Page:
One thing that I particularly like about wet shaving with double-edge safety razors is that it can potentially be much cheaper than standard cartridge razors. There are many subscription programs which will tout that they are cheaper than the latest and greatest Gillette or Shick razors, but even these razors are still much more expensive than using double-edged blades. For instance, a box of 100 Personna double-edge razor blades goes for about $13 USD on Amazon, for an average of about 13 cents per razor, which usually lasts for roughly a week (depending on how often you shave). Not only does this save you money in the long run, but it produces much less waste than cartridges and is fully recyclable. A decent safety razor sets you back like $35 USD on Amazon and can potentially last you for the rest of your life, not to mention that you can use any brand of blades that you want (and there are many, trust me).
Alternatively, you could go the route which I have chosen to go, which is the route of turning this activity into a hobby. I already have a wish list of different razors, blades, soaps and creams. If shaving is an experience, I want to try to have all of the different experiences that I can in the time that I have. From buying other vintage safety razors, to using traditional products from around the world, it’s all fun and exciting to me. Not only is it a chance for me to try different products, but it also encourages me to take better care of myself. What’s not to love?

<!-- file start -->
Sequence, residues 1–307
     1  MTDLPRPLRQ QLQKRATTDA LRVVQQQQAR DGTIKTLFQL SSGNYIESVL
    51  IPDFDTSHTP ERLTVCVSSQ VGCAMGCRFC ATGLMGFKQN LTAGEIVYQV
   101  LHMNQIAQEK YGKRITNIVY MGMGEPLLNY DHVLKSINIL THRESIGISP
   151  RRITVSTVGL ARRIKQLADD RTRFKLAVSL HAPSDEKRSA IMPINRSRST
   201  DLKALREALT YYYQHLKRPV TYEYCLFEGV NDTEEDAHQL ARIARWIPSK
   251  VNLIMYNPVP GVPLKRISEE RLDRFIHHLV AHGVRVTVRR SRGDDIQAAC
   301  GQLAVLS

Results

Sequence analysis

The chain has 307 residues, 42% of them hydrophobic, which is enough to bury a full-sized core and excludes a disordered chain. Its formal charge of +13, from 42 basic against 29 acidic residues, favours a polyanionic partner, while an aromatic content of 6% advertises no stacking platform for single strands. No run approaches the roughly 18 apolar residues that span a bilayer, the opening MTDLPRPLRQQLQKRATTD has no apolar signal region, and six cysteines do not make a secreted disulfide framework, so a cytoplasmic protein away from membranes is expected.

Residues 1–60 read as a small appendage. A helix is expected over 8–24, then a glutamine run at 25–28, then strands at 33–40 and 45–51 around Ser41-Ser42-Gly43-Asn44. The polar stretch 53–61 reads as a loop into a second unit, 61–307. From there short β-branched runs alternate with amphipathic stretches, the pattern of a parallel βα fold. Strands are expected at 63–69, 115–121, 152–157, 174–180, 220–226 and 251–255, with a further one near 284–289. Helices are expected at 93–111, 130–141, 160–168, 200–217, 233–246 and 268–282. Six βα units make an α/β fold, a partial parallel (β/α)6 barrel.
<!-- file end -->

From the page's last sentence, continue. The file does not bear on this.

I’ll end this post by saying a few brief things about this subject (I know that this article is fairly long, and if you’re still reading you are the real MVP). Not everyone enjoys wet shaving, and that’s okay. If your version of self-care looks more like taking a leisurely walk outside or watching your favorite TV show, do that. If it looks like baking a batch of cookies for yourself or reading a book, do that. This basically boils down to doing something which you enjoy, every day (or at least a few times a week). Having said all of this, if you are somewhat curious about shaving, trying it might turn an otherwise monotonous routine into a pleasant thing which you look forward to. Whether you don’t have a single hair on your body or you look like the spawn of Chewbacca, remember to prioritize self-care. You are worth it.
Those are my thoughts, What are yours?
For those interested in wet shaving:
West Coast Shaving (This is a website that sells shaving supplies. This isn’t an endorsement or a paid advertisement. Having said that, I have fun perusing their website)